A more environmentally friendly air conditioner
Summer is in full swing in the U.S., and people are turning up their air conditioners to beat the heat. But the hydrofluorocarbon refrigerants in these and other cooling devices are potent greenhouse gases and major drivers of climate change. Today, scientists report a prototype device that could someday replace existing "A/Cs." It's much more environmentally friendly and uses solid refrigerants to efficiently cool a space.
The researchers will present their results today at the fall meeting of the American Chemical Society (ACS).
"Just installing an air conditioner or throwing one away is a huge driver of global warming," says Adam Slavney, Ph.D., who is presenting this work at the meeting. The refrigerants used in these systems are thousands of times more potent than carbon dioxide and can accidentally leak out of systems when they are being handled or disposed of.
Traditional cooling systems, such as air conditioners, work by causing a refrigerant to cycle between being a gas or a liquid. When the liquid becomes a gas, it expands and absorbs heat, cooling a room or the interior of a refrigerator. A compressor that works at about 70–150 pounds per square inch (psi) turns the gas back into a liquid, releasing heat. In the case of air conditioners, this heat is directed outside the home. Though this cycle is efficient, concerns about climate change and stricter regulations on hydrofluorocarbon refrigerants are spurring the search for more environmentally responsible ones.
Solid refrigerants could be an ideal solution. Unlike gases, solids won't leak into the environment from A/C units. One class of solid refrigerants, called barocaloric materials, work similarly to traditional gas-liquid cooling systems. They use pressure changes to go through heat cycles, but in this case, the pressure drives a solid-to-solid phase change. That means the material remains a solid, but the internal molecular structure changes. The key structural aspect of these barocaloric solid materials is that they contain long, flexible molecular chains that are typically floppy and disordered. But under pressure, the chains become more ordered and rigid—a change that releases heat. The process of going from an ordered to a relaxed structure is like melting wax, but without it becoming a liquid, says Jarad Mason, Ph.D., the project's principal investigator, who is at Harvard University. When the pressure is released, the material reabsorbs heat, completing the cycle.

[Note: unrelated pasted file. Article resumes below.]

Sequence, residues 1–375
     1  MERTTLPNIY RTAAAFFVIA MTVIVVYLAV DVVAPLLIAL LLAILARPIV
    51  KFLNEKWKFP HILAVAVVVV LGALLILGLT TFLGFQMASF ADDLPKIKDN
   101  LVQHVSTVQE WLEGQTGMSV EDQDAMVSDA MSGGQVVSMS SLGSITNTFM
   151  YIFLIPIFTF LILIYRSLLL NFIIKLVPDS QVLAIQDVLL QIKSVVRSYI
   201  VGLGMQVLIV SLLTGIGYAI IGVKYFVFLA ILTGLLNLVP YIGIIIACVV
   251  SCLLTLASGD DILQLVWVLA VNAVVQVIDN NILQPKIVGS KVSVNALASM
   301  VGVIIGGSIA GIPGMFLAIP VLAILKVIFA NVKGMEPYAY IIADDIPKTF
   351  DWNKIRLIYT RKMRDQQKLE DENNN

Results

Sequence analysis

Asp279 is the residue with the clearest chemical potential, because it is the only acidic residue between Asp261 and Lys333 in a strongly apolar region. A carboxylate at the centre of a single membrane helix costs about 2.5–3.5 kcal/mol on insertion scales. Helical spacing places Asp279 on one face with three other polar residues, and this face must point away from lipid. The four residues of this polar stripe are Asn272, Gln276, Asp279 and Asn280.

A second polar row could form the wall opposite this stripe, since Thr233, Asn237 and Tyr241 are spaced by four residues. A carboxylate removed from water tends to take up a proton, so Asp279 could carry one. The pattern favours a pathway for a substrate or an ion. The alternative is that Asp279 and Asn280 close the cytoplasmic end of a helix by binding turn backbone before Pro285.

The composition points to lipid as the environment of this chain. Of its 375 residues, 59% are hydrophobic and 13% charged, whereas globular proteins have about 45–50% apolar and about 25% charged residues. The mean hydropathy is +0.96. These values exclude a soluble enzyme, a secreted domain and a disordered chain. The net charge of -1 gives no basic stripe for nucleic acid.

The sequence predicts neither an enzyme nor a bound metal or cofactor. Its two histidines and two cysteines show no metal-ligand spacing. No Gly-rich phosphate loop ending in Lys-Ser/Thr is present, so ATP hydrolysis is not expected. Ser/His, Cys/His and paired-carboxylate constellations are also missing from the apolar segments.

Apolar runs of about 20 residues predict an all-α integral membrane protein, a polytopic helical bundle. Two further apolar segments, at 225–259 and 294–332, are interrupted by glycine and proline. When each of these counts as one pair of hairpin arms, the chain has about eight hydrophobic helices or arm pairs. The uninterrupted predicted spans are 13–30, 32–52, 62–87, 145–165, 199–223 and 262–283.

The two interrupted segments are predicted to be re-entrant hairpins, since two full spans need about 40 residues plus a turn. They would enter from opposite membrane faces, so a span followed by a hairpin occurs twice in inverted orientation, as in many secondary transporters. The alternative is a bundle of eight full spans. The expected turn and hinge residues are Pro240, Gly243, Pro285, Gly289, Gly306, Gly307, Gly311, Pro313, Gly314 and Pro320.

A disadvantage of barocaloric systems, however, is that most of these materials require massive pressures to drive heat cycles. To produce these pressures, the systems need expensive, specialized equipment that's not practical for real-world cooling applications. Mason and his team recently reported barocaloric materials that can act as refrigerants at much lower pressures. They've now shown that the refrigerants, which are called metal-halide perovskites, can work in a cooling system they've built from scratch. "The materials we reported are able to cycle at about 3,000 psi, which are pressures that a typical hydraulics system can work at," says Slavney.
The team has now built a first-of-its-kind prototype that demonstrates the use of these new materials in a practical cooling system. The device has three main parts. One is a metal tube packed with the solid refrigerant and an inert liquid—water or an oil. Another piece of the device is a hydraulic piston that applies pressure to the liquid. Finally, the liquid helps transfer that pressure to the refrigerant and helps carry heat through the system.
After solving several engineering challenges, the team has shown that the barocaloric materials work as functional refrigerants, turning pressure changes into full temperature-changing cycles. "Our system still doesn't use pressures as low as those of commercial refrigeration systems, but we're getting closer," says Mason. To the team's knowledge, this is the first working cooling system using solid-state refrigerants that rely on pressure changes.
With the device now in hand, the team plans to test a variety of barocaloric materials. "We're really hoping to use this machine as a testbed to help us find even better materials," says Slavney, including ones that work at lower pressures and that conduct heat better. With an optimal material, the researchers believe solid-state refrigerants could become a viable replacement for current air conditioning and other cooling technologies.
More information: Materials for practical solid-state barocaloric cooling: A chemist (re)invents an air conditioner, ACS Fall 2022. www.acs.org/content/acs/en/mee … tings/fall-2022.html
Provided by American Chemical Society